Saturday, September 27, 2008

Paul in Tel Aviv

I was there and I was one of them.
This was a once in a lifetime experience. It was a historical cultural event in Israel and I was there to experience it.
I was very lucky to be able to go to Paul McCartney’s concert last Thursday with my friend Dani. Thanks Dani and Happy Birthday.
We got there at around 6:30pm or so and were greeted by the security guard with a smile and a “Shana Tovah”. The park was surrounded by thousands of soldiers, police in cars and horses. The security was very impressive. About 90% of the tickets were standing tickets and the rest were for VIP at ridiculous prices (not that the standing ticket prices were less crazy). The places in front of the stage were already packed but hey, how difficult would it be for two people to squeeze in? Well…very difficult. There was literally no room but we were able to get in not that far from the stage. It was a great feeling to be part of this sea of Israeli people and then it hit me, wait a minute I’m one of them now (at least one of the ones that can afford a ticket). Regardless of the different looks, accents, ancestors, religious observance, political views or strength of our B.Os (body odors) we were all mostly Israeli jews, that’s exactly what I wanted to be when I came to Israel and now it hit me in the middle of 40,000 + of us packed in a can of sardines, I’m now part of the Israeli society.

Pol Mekarrtni
After 2 hours of waiting (3 hrs+ for other) with not much room to even raise our arms, after 43 years since the Beatles were banned by the Israeli government, after several attempts to come to Israel and regardless of the terrorist threat he received a week before the concert, there he appeared as we all jumped, sang, danced and screamed. I was actually amazed to hear all the Israelis sing his songs, especially the Beatles ones. He welcomed all the crowd by saying “Shalom Tel Aviv, Shana Tovah” I could not believe what I was experiencing, Paul, my rock icon wishing me a happy new Jewish year in Hebrew, not only that, throughout the concert he used many words in Hebrew such as “Ze mi Paam” (This one is from old times) and sang “All my loving”, he announced his song “Alhan Jude” (Hey Jude) “Atem sharim iti” (you sing with me), and as we all sang he ask for the “Gvarim” (Men) to sing, then “Nashim” (Women) and finally “Kulam” (everyone). This song reminds me a lot of the first time I heard Paul in my life, thanks Jacobo for convincing me to attend that concert back in 1989. The concert brought back a lot of great memories especially as he sang George Harrison’s “Something” – our wedding song. He went on for about 2 and a half hours, by then most of us were exhausted but wanting to hear more. As he left the stage a couple of times the crowd screamed “POL MEKARRTNI….. POL MEKARRTNI” (I’m not sure how to write the thick Israeli accent). He sang many old Beatles songs as well as some of his Wings days as well as his solo career songs. During his performance of “Live and let die” as I already anticipated they included fireworks with big explosions, I knew they were coming but must admit I did hesitate for a second, especially given the vulnerability of so many people and the threats Paul received. Several times Paul referred to Peace in the world including the song “Give peace a chance”. It was by far the greatest concert experience I ever had given the performer, the place and the time.

Lehitraot Tel Aviv!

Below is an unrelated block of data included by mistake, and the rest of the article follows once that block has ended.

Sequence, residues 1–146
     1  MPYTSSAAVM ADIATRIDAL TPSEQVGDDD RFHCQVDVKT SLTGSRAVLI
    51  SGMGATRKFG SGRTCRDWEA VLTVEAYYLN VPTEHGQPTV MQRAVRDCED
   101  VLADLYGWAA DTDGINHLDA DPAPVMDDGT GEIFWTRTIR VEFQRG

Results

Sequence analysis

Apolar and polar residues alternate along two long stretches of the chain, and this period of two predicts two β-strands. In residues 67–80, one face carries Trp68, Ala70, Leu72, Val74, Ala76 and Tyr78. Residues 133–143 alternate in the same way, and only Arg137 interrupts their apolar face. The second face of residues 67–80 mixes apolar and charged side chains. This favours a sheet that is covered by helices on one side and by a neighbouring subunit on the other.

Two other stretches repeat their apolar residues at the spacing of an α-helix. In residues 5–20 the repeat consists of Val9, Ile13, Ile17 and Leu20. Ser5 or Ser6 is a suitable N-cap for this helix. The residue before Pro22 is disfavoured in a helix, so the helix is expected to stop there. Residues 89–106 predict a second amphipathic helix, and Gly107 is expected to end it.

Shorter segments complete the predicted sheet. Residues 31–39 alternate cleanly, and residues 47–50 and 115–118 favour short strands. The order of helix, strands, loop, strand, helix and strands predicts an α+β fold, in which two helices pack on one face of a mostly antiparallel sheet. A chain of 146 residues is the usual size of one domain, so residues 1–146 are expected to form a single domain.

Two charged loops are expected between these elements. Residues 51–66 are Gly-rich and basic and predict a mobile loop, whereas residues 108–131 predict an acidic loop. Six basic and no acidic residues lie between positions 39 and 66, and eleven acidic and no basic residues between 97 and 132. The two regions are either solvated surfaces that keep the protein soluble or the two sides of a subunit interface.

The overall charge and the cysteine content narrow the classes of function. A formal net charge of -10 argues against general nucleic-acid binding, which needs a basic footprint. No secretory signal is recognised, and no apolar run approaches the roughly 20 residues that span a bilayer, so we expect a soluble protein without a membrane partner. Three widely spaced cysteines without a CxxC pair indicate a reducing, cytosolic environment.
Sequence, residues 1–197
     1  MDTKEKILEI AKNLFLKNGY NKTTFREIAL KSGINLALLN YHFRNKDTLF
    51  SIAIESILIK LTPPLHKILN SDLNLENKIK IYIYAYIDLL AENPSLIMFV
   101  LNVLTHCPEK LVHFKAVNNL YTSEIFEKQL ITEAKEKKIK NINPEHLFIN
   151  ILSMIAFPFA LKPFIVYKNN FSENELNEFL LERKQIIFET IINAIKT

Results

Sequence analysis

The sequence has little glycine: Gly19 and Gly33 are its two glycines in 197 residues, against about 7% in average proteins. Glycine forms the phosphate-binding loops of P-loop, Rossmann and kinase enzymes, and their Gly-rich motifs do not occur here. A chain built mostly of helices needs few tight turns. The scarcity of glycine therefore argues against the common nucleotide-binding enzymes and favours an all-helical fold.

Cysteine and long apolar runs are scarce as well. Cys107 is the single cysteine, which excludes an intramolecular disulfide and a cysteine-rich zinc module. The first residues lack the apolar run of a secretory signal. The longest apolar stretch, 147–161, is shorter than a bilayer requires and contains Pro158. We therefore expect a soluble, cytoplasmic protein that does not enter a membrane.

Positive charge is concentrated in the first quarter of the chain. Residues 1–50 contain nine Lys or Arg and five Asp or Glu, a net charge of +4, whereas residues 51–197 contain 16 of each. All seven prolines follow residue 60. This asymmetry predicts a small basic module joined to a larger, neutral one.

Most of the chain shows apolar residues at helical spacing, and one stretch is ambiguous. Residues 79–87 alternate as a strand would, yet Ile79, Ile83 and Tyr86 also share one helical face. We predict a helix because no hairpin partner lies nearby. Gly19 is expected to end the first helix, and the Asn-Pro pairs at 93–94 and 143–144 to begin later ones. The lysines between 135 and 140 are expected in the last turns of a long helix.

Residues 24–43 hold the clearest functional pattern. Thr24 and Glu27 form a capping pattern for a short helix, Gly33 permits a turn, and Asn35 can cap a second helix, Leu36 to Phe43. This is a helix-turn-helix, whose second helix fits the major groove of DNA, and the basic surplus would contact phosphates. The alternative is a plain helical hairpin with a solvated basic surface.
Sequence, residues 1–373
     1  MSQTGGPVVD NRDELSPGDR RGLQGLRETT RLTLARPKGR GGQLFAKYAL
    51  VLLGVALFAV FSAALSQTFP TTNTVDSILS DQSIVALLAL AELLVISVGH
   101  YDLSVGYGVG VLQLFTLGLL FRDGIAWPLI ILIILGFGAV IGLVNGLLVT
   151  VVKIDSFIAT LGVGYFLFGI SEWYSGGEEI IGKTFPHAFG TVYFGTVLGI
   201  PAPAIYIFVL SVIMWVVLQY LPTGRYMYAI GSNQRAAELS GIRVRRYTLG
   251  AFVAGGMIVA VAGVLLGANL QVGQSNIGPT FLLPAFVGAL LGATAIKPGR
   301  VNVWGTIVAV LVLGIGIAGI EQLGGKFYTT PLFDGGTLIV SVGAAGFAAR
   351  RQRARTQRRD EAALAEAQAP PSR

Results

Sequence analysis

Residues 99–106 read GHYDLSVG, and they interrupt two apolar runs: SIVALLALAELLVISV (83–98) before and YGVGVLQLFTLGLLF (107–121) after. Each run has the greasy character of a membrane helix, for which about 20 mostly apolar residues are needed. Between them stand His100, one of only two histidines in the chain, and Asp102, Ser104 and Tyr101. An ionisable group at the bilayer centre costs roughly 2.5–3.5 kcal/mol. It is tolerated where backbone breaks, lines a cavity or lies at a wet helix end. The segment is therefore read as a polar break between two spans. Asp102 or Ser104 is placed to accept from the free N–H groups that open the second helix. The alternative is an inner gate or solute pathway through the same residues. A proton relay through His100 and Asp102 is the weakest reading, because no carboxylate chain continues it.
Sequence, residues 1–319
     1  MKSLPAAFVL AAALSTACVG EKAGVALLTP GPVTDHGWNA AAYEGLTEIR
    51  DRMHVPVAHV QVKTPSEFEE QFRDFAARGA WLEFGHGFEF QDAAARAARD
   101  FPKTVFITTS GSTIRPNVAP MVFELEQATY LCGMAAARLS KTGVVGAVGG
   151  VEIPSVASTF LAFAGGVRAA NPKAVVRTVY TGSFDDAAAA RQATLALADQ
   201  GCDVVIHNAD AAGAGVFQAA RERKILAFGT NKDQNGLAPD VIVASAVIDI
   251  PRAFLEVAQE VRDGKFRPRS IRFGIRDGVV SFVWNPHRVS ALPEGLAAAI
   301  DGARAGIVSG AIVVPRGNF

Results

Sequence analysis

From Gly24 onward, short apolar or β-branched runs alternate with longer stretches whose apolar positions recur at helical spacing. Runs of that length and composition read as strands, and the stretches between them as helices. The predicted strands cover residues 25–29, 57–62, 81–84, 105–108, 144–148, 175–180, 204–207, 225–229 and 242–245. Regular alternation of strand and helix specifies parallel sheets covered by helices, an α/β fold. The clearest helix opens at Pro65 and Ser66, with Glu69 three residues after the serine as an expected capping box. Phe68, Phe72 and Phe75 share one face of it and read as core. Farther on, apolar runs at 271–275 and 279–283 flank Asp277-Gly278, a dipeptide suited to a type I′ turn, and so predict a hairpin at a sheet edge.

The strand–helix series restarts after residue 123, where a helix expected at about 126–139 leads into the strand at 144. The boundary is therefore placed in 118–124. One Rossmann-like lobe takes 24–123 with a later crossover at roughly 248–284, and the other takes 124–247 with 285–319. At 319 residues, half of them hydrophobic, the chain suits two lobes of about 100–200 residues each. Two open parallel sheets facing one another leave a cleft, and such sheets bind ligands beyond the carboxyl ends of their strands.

“And in the end the love you take is equal to the love you make” his final song lyrics as he said “Lehitraot” (Good bye/See you later). Will he visit Israel again?
There was no single newspaper on Friday without Paul’s picture on the first page. This was indeed an important cultural event.
After the concert Dani took me to this great Shwarma place, it showed me not to judge the book by its cover, this was the best Shwarma I ever had and it was at a not so clean place right next to the gas station. It could have been the midnight heavy dinner or just the place but today I was under what I will like to call Goliath’s Revenge (similar to Moctezuma’s revenge in Mexico), but not to worry it will definitely not be the last Shwarma I eat.

When the rain comes
This concert was really meant to be. On Friday (the day after the concert) the center of the country received heavy rains. The first rain of the year. Did Paul leave some English rain with him? I never thought of rain being that big of a deal but I guess you don’t appreciate something until you lack of it. As many of you know Israel has water problems every year and depends on G’d’s will every year. Every rain is a blessing and it was received as such. We were all very excited to see rain fall, Batya at her Gan got out with all the kids to run and celebrate in the rain. Lets hope for a good rain season.

Enjoy some photos from the concert.


AdinaB said...

It looks like you had such an incredible time at the concert! Your description is a vivid as someone describing a life-changing religious experience, but then again, he was a BEATLE!
I wish I could have seen it.

Shanah Tovah!

Anonymous said...

Que increible experiencia Isra, lo que no te envidio son los olores a sope que seguramente te acompañaron.
Pero el mejor show para nosotros fue ver los bloopers de los niños actunado "SHANA TOVA TUTURUU"es inceible lo afinada y entonada que es Batya y las carcajadas de los dos nos hicieron el dia mucho mas alegre.
Gracias por compartir con nostros estos momentos.
Les deseamos a gut und gezunt yor, shana tova umetuka y una añada buena y clara , como se dice en ladino.
con cariño
Ramy, yudis, rajel y toda la mishpoje

Dan said...


Since I know how much Paul and the Beatles mean to you, I can only imagine your joy at this concert!! What a wonderful way to feel yourself like "one of the (Israeli) gang." Shana Tova! I'm very happy for you :)


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